Recently I put together a 2-page summary of information on current initiatives that are directly affecting literacy. The administrators to whom I presented the information appreciated seeing everything in one place. I thought you might as well.
We have had several blog entries that discuss and elaborate on the new standards. With the new standards come new assessments and some adjustments to the current assessments (MCAS) particularly with regard to writing. If you have not already put the MCAS transition framework page on your "favorites", you may want to do so http://www.doe.mass.edu/mcas/transition/. The chart shows that as early as next spring (2013), modes of writing emphasized in the 2011 Massachusetts English Language Arts and Literacy Framework will be considered for testing. The page tells us that districts will be notified regarding which modes will be tested at the start of the school year.
PARCC, the Partnership for Assessment of Readiness for College and Career , is providing a content framework booklet that outlines the year-long expectations for grade levels from grade 3 through 11. This suite of tools presents 4 areas for consideration for each grade level: a narrative summary of the critical standards for the grade level; a model content chart - suggested integration of standards throughout the school year; very complete explanations of all key terms and concepts; and progression charts for writing and speaking and listening standards. These are especially helpful as they show the standards side-by-side with the previous year and highlight what the current grade-level expectations are. This document is available for download at http://www.parcconline.org/parcc-content-frameworks. PARCC has other tools in development and opportunities for educators from each member-state to participate in the development of future test items. Educators who have worked on preparing MCAS items will tell you that this is a very enlightening and helpful way to participate in test development. If you are responsible for implementation in your district, you may want to take advantage of Webinars that are archived at the site.
The next generation of assessments promises to provide curriculum-embedded performance assessments (CEPA). This is a concept that the Massachusetts model curriculum units project is using as part of the development of its units. In each curricular area - science, social studies, math, and literacy - the model unit provides a performance assessment that integrates a number of standards. Every unit has been asked to include the relevant literacy standards. This has helped to raise everyone's understanding of the literacy demands in each core discipline as acknowledged by our new literacy framework. Please check the Department's website regularly because as soon as some of the units have been properly vetted, they will be available to all for piloting or use in the classroom. In addition, the Department will solicit a second round of educators to develop even more of these units. Being part of this project really helps you to understand the requirements of the new standards while using those standards to plan an engaging and rigorous content-based unit.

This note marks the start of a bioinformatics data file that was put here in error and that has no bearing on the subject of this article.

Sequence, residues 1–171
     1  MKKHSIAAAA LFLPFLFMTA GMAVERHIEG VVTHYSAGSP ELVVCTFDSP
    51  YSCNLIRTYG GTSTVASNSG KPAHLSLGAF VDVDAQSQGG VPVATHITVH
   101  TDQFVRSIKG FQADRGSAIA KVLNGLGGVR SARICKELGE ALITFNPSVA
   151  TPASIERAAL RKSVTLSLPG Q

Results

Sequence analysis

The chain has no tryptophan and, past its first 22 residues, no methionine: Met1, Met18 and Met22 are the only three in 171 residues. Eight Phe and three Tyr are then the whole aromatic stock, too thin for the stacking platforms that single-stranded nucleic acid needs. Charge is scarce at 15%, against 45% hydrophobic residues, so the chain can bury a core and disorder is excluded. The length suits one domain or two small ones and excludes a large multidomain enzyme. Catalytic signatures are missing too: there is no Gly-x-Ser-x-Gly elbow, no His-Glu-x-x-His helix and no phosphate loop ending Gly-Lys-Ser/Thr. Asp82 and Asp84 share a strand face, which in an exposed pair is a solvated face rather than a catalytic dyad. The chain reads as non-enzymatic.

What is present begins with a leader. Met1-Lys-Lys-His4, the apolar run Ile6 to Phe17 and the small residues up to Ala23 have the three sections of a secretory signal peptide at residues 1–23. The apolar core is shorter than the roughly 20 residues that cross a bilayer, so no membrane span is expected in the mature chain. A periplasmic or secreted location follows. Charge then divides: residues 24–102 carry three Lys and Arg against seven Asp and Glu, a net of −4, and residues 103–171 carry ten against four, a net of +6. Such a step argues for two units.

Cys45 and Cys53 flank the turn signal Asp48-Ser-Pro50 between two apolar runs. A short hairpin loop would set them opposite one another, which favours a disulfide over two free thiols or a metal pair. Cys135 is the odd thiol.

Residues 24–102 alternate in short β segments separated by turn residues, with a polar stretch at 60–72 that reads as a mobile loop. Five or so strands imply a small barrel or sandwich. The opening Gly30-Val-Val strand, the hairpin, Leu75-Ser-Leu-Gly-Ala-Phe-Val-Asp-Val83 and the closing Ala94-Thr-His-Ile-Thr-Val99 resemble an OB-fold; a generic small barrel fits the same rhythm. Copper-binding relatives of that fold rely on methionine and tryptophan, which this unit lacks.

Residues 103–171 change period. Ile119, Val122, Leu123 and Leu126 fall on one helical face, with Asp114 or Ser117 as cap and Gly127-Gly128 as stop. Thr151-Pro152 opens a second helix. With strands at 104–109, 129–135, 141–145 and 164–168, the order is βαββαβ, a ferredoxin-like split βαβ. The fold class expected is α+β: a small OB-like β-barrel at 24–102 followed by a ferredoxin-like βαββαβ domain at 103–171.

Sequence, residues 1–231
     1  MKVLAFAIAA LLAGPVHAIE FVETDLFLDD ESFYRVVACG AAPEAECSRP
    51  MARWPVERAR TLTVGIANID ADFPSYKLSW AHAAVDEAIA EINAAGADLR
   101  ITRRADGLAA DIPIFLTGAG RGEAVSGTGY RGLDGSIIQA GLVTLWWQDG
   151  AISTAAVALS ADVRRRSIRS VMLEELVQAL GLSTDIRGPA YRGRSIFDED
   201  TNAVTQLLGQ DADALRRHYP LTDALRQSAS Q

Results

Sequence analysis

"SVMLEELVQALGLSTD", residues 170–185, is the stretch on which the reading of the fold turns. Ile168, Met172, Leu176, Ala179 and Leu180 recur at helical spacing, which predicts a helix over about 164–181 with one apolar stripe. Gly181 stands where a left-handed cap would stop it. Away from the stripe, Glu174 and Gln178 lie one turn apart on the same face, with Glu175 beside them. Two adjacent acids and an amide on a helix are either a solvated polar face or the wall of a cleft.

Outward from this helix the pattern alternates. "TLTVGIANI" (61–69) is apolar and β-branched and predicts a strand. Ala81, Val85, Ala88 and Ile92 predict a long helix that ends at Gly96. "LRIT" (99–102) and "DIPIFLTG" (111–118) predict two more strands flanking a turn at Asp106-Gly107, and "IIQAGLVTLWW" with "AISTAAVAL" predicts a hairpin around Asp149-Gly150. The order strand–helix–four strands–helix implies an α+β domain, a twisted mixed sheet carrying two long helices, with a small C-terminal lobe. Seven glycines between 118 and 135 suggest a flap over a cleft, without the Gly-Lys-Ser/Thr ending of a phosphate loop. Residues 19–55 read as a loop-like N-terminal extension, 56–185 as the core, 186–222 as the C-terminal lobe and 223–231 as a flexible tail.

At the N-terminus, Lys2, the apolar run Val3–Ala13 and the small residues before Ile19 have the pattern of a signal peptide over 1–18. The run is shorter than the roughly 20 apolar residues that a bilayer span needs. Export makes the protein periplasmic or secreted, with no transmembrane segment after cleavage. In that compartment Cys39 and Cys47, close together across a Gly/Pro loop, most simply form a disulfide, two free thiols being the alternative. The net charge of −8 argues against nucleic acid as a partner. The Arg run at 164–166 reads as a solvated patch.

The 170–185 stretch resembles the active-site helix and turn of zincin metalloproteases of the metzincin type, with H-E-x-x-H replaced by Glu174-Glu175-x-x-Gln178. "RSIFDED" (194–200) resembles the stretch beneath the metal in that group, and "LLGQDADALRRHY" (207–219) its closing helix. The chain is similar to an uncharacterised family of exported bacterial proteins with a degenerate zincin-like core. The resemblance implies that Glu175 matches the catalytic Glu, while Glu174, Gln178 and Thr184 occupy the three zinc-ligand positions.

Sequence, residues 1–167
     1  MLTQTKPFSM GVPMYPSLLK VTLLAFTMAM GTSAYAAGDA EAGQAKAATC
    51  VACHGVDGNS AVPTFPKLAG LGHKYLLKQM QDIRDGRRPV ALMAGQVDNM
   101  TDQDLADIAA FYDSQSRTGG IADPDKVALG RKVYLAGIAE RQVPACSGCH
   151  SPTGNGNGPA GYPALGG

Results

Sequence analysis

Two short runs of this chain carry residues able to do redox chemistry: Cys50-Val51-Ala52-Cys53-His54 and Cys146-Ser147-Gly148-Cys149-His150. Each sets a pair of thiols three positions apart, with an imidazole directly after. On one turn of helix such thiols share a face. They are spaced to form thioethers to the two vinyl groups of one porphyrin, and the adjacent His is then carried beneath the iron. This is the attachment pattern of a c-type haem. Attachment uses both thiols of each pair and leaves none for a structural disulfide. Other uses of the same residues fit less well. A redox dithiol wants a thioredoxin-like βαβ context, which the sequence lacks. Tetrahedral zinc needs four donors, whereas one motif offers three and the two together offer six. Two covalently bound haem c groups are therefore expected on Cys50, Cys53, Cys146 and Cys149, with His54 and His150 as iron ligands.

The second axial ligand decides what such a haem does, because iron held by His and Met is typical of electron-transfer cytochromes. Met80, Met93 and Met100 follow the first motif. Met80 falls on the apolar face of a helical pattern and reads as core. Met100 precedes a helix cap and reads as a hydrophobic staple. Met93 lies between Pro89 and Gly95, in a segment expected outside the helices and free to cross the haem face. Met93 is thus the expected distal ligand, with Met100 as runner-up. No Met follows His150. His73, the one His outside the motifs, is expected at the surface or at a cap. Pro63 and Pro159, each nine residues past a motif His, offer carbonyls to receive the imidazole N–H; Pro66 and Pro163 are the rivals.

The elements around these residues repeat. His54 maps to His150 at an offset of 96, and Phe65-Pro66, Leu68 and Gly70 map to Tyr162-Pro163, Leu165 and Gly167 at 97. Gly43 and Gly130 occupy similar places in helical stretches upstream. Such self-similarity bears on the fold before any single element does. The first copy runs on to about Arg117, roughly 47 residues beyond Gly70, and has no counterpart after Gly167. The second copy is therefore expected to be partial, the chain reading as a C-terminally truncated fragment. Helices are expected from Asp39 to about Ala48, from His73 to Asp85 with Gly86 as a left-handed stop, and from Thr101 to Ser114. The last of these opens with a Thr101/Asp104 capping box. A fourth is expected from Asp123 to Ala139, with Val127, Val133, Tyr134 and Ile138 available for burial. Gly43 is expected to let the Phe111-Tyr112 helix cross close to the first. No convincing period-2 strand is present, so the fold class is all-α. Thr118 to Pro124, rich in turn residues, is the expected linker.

Two important initiatives that affect and influence all of our work with students are the Massachusetts Tiered System of Support (MTSS) and World-Class Instructional Design and Assessment (WIDA). The MTSS information is available at http://www.doe.edu/sped/mtss.html in an interactive format. You may see the organization of all components in a chart and when you "click" on each component, it is explained and linked to the Conditions of School Effectiveness (CSE), its philosophical underpinnings. In addition, both the MTSS initiative and the Model Curriculum Units Project have taken Universal Design for Learning (UDL) into consideration. You may find more information about UDL at http://www.cast.org/udl/. Please note that on March 13, 2012, MTSS will be introduced at a statewide meeting. I will provide more details when I have them.
The WIDA initiative is in the process of being adopted by Massachusetts. It will replace our current resources, materials, and assessments for use with English Language Learners (ELs). You may get a sense of the new materials and the concepts behind them at http://www.wida.us/. Until Massachusetts is a full-fledged member, we will not have access to all the online materials. However, the WIDA materials address all curricular areas and provide far more support to educators than the current system. Stay tuned for more in this area very soon.
Finally, as many of you know, Massachusetts, along with many other states, will be adopting a new educator evaluation system. The regulations have been developed and adopted. The timeline is ambitious with early adoption districts and Level 4 districts working already with the state on the pilot activities. In the southeast region, Wareham and Mashpee are early adoption districts. We hope they will be able to provide us with important information about this initiative as time goes on. In the meantime, you may access the available information at http://www.doe.mass.edu/edeval. The new system incorporates student growth data. Some of you may be regular readers of Laura Tilton's SouthEast Educational Data (SEED) blog at http://southeastdata.blogspot.com/. If so, you have a good idea of what the growth model entails. If not, you may wish to follow Laura's entries as well. Laura is our Southeast DSAC Data Specialist.
There are a number of important initiatives in development or recently developed that either directly or indirectly influence our literacy work with students. Changes are in the works and many will particularly influence our work with the new standards. I hope this entry has provided some useful information as well as some opportunities to pursue the particular information that may be of greatest interest or most need.